I find myself saddened by actions some of my friends have taken that I had no control or influence over. And you know what? My friends probably have no idea their actions have had this effect on me. It’s not something they did to me or because of me. In fact, it had absolutely nothing to do with me. But it affected me greatly nonetheless.
“No man is an island.” We’ve heard that saying many times, but often when we make choices, we forget that truth. We don’t weigh the consequences of our decisions and even our inactions on our friends and family. And why should we? We have to make our own choices and live with the consequences ourselves. We don’t take the time to assess how our actions might affect a friend or even an acquaintance. But should we?
We’re connected in more ways than we realize. And some people are more sensitive than others. Whether we recognize it or not, the actions we take every day affect not only ourselves, but our loved ones too — and even those we don’t know. Think about your last drive on a freeway. Your trip was affected by strangers ahead of you, next to you, and even behind you. The same is true at the grocery store and many other places.
What you do is more powerful than you know. People are watching you and influenced by you even when you don’t think they are. That means you have responsibility. What are you going to do with that? This week, I challenge you to be more intentional with your decisions. Remember, you’re not an island. Your actions have a ripple effect. What are you leaving in your wake?
Photo: Gerard Fritz
I had a book signing at my cancer center last week, and no one showed up. I could have left extremely disappointed, but I didn’t. I enjoyed the time I had there chatting with the social worker. And I left more enriched because of it.
Later in the week, I had a lunch date with a former co-worker. I hadn’t seen her in probably three months or longer. We picked right up where we left off and had a great conversation. I left there extremely encouraged.
These encounters reminded me we need people in our lives. A popular Mandisa song says, “We all bleed the same. We’re more beautiful when we come together.” It’s about the humanity that unites each and every one of us.
I recently heard someone say, “I’m an extroverted introvert or an introverted extrovert. I love people, but I need downtime to recharge.”
I find myself in that same boat. I used to be a shy kid. I wouldn’t look people in the eye and certainly wouldn’t initiate a conversation. After seeing a television program about overcoming shyness, which stressed the importance of looking people in the eye, I made myself start to do that. It was hard and scary at first, but over time, it really helped. To the point that today I’m no longer afraid of people. (Of course, it helps that I have a few decades of life under my belt.)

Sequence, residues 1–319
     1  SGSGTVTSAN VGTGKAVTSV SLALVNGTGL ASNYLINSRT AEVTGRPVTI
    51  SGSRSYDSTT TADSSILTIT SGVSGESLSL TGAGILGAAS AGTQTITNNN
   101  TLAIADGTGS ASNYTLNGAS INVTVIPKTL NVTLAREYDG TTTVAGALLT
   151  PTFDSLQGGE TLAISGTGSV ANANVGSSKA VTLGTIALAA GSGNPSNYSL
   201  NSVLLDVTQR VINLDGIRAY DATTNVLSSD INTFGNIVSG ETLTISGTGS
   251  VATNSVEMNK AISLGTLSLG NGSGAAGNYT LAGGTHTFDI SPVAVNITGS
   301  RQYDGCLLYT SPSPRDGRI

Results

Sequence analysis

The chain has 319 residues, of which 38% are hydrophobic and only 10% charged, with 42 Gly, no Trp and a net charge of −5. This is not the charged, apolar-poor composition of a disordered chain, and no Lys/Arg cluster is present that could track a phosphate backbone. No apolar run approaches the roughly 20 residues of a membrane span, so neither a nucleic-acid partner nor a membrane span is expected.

These days, I realize the importance of those around me. And I’m working at making them feel valued, just as I want to feel valued. The truth is they are valued — and I want them to know it. I’m enjoying spending time with people. Despite that enjoyment, I do need downtime away from people to recharge. And when I get that, I have more to give to those I encounter. It’s important to have balance.
I don’t think it was a mistake that no one showed up at my book signing. I think maybe that social worker and I needed that one-on-one connection.
A funny thing happened to me recently. I received an invitation to join Instragram, a social media site I hadn’t yet signed up for. I decided to give it a whirl to see what it was all about. So I created an account. And that’s it. That’s all I did. I didn’t upload a photo or share anything.
To date, I have 51 followers.
I’m flattered, really, that these people think I’m worth following — and that they’re willing to follow me without seeing any posts from me. But perhaps their willingness is partly because a lot of them are my friends on Facebook, so they’re following me on Instagram based on my reputation there.
It’s good to be followed, but it’s big responsibility to lead. Following is easy. You can just go with the flow. But followers need something or someone to follow, so leading can be a big deal — and a huge undertaking. And risky. And scary. What if a leader wants to lead but isn’t followed?
My husband and I have been binge-watching seasons of “Survivor,” and we see that time and time again: people who want to lead but aren’t followed. If no one’s following, it’s pretty tough to lead.